“The height of foolishness is to discard an opportunity without full investigation” – Benjamin Franklin
What Is Adverse Action?
Adverse action is necessary “if any person takes any adverse action with respect to any consumer that is based in whole or in part on any information contained in a consumer report.” Adverse action is regulated by the Fair Credit Reporting Act (FCRA) (15 U.S.C § 1681m § 615).
In the section “Requirements on users of consumer reports it goes over the following criteria needed for adverse action.
1. Provide oral, written, or electronic notice of the adverse action to the consumer.
2. Provide to the consumer written or electronic disclosure.
3. Provide to the consumer orally, in writing, or electronically…
- The name, address, and telephone number of the consumer reporting agency (including a toll-free telephone number established by the agency if the agency compiles and maintains files on consumers on a nationwide basis) that furnished the report to the person; and
- a statement that the consumer reporting agency did not make the decision to take the adverse action and is unable to provide the consumer the specific reasons why the adverse action was taken; and
4. Provide to the consumer an oral, written, or electronic notice of the consumer’s right.
- to obtain, under section 612 [§ 1681j], a free copy of a consumer report on the consumer from the consumer reporting agency referred to in paragraph (3), which notice shall include an indication of the 60-day period under that section for obtaining such a copy; and
- to dispute, under section 611 [§ 1681i], with a consumer reporting agency the accuracy or completeness of any information in a consumer report furnished by the agency.
Adverse action is broken down into two different segments. The first segment is sending the Pre-Adverse Action letter. If you are choosing to take adverse action because of a consumer report you received you will need to send this letter. Along with the letter you will also need to send a copy of the consumer report and a copy of the “summary of your rights” with any additional state notices. Please see the following samples below:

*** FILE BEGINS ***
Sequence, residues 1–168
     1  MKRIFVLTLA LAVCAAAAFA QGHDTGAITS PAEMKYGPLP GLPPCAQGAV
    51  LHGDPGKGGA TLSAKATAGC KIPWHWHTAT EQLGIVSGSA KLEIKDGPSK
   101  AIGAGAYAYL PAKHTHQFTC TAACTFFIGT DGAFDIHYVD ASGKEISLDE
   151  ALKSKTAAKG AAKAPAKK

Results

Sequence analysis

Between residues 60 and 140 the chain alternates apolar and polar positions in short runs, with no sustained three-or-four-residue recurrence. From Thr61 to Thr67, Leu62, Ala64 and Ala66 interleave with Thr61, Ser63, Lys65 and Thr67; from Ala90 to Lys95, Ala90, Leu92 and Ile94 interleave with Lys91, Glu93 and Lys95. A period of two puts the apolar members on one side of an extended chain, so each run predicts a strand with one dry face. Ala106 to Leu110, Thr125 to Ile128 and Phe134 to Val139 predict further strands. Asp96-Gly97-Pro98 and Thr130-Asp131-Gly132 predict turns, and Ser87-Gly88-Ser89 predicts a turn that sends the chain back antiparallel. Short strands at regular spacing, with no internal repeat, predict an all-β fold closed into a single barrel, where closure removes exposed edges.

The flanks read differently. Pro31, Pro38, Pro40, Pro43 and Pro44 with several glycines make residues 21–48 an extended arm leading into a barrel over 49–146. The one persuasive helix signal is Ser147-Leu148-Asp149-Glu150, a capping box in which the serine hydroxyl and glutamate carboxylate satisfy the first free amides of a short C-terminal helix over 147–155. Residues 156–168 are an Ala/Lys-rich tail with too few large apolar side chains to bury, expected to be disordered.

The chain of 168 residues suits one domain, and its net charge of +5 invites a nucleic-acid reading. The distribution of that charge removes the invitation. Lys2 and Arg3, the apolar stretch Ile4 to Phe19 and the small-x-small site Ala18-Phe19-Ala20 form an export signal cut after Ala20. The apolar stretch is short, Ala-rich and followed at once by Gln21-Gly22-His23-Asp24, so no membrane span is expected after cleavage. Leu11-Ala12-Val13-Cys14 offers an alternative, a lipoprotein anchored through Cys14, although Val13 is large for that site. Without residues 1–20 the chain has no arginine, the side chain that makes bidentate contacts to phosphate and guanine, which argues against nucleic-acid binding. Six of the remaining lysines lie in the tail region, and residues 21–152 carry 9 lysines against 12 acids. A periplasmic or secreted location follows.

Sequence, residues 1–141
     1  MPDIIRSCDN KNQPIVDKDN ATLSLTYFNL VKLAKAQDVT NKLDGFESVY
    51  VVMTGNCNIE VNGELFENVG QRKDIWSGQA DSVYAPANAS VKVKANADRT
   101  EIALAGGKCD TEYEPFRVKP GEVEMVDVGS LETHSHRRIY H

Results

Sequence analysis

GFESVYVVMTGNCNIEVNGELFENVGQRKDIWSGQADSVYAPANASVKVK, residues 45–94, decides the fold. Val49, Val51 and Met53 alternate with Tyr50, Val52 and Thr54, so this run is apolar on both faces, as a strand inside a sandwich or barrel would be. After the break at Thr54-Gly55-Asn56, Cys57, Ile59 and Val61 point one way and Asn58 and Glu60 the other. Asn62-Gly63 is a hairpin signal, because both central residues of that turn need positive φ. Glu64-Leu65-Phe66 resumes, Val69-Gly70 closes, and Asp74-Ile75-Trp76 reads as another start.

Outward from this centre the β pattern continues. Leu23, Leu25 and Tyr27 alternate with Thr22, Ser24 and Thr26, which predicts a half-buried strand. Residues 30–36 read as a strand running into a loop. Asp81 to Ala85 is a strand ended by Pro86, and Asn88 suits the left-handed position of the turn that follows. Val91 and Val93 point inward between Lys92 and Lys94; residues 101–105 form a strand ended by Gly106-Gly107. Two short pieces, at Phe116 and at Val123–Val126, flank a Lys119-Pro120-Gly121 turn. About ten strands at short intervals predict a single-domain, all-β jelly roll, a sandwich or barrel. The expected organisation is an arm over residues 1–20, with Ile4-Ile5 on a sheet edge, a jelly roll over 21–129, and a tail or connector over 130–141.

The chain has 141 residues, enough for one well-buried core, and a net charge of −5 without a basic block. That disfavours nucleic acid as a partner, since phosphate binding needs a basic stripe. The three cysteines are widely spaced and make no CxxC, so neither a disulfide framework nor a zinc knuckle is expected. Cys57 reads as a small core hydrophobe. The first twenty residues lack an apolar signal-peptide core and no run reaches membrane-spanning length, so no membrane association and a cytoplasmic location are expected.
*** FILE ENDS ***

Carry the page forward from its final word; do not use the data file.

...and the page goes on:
The pre-adverse letter allows the candidate time to dispute any findings on the background check. It is entirely possible that a record match may not be that of the candidates. The candidate could have also received a pardon which has yet to be distributed across all channels. After receiving a pardon it could take six months or more for every database/repository to update this information. The letter gives the candidate time to look everything over before a final decision is rendered by the company.
Upon receiving the letter, the candidate can follow-up with the consumer reporting agency(CRA) to file any disputes. If Research Services was the CRA who ran the report we will receive your dispute and conduct a re-investigation. The CRA can be a lengthy process and the CRA has 30 days to correct any mistakes on your report. If after re-investigation we find any records that do not belong we will send an updated report to all necessary parties.
Second Segment (Adverse Action)
Companies who have sent out a pre-adverse letter with all necessary documents will need to give the candidate time to dispute their report. There is no defined time but industry best practice is to wait at least five business days from sending the pre-adverse to sending the adverse action letter. It is only after this next letter that a final decision is handed out on the consumer report.
“Along with the adverse action letter you will again need to send a copy of the consumer report and a copy of “Summary of Your Rights” with any additional state notices. Please see samples below:
It is important to note there is state laws that impact the pre-adverse/adverse action processes. The first example is San Francisco, CA which you should allow 7 days between sending pre-adverse and adverse letters. New York City is another example where you should wait 3 business days from the applicant’s receipt. It is important to seek legal counsel as states and cities are adding new laws which require employers to alter the way they handle reports from Consumer Reporting Agencies.